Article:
Understanding DBS Workforce Types
When applying for an Enhanced DBS Check or a Standard DBS Check, the application form asks for a workforce type. It’s not obvious what is meant by “workforce” type and if it is filled in wrongly it can lead to a delay with the application being processed.
That’s why it’s important to understand what is meant by a workforce on DBS applications and make sure you get it right.
This article will give you clear definitions of the three main DBS workforce types.
DBS Workforce Types
The Disclosure and Barring Service (DBS) defines three different workforce types: Adult, Child, and Other.
The Child Workforce
A job role is considered to be part of the child workforce if the position involves working with or alongside children. This covers a multitude of job roles and positions, from being a caretaker in a school to being a classroom teacher, for instance.
The term “child workforce” can also be applied to jobs that are considered to be a regulated activity in the eyes of the DBS. In general, a regulated activity is a role that involves frequent, direct contact with children (e.g. teaching or training) or supervision of children (childcare, bus driver, etc.). This includes people that work temporarily in an environment with children, such as a building contractor.
Another thing to note is that any person aged 16 years or above who lives in a home where childcare takes place are also required to get a DBS check and tick the child workforce option.
The Adult Workforce
If you work with vulnerable adults in a role that fits the definition of a regulated activity, you’ll need to tick the adult workforce option on the DBS check application form.
The following types of role are considered to be regulated activity with adults:
- Providing personal care, such as help with bathing or dressing, mobility assistance, etc.
- Managing the finances of a vulnerable adult
- Transporting vulnerable adults
- Providing healthcare or social services to vulnerable adults.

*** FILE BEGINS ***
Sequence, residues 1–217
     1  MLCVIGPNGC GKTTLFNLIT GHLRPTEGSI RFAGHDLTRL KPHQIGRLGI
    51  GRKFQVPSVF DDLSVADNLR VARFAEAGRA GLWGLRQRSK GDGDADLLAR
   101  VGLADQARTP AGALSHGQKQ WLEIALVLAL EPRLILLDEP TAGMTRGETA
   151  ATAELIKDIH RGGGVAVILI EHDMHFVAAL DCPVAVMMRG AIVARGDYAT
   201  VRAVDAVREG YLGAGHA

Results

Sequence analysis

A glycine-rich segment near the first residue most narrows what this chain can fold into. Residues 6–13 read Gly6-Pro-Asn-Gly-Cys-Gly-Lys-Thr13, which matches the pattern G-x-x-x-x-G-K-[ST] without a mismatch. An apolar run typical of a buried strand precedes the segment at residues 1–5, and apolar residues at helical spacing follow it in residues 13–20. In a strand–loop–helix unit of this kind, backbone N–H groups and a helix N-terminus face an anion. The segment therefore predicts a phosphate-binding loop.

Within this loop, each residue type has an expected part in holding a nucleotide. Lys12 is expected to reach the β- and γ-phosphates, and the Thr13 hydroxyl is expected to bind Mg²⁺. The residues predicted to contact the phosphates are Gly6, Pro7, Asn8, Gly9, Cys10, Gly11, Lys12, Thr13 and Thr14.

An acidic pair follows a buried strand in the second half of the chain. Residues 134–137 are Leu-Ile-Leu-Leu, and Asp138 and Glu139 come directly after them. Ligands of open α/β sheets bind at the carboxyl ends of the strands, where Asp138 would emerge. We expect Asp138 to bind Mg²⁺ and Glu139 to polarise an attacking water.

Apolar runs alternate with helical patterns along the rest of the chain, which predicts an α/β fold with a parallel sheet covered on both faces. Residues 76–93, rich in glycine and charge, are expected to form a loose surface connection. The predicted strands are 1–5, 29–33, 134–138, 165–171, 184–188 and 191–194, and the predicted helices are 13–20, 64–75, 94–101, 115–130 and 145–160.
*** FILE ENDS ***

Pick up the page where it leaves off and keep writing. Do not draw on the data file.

As an indicator as to whether the role is a regulated activity with adults or not is to consider whether it involves frequently being left alone or unsupervised with a vulnerable adult.
This may include carrying out contracted work in an environment with vulnerable adults, such as an elderly care home.
The “Other” Workforce
Another option on the DBS check application form is to identify the work as “other”. The “other” category covers a wide range of roles and activities. It basically includes any work that involves activities that can possibly pose a danger to people.
There are too many roles and activities to list in full, but here is a brief list of examples:
- Taxi and bus drivers
- Uber and Lyft drivers
- Croupiers and other people working in gambling establishments
- Firearms handlers
- People handling or using explosives
- Nuclear power plant workers
Special cases – Child and Adult Workforce
As well as the three workforce categories detailed above, there is a fourth “special case” which is referred to as “child and adult workforce”. If you work with, or regularly come into contact, with both vulnerable adults and children as a regulated activity, then you should tick the relevant option on the DBS application form.
Some examples of the roles that may fall into the category of child and adult workforce are as follows:
- General Practitioners (GP), nurses, or other medical professionals
- Clinicians and therapists
- Gym trainers
If the role falls into the category of child and adult workforce, it is likely that the highest level of DBS check will be required, which is an enhanced DBS check with a barred list check for both adults and children.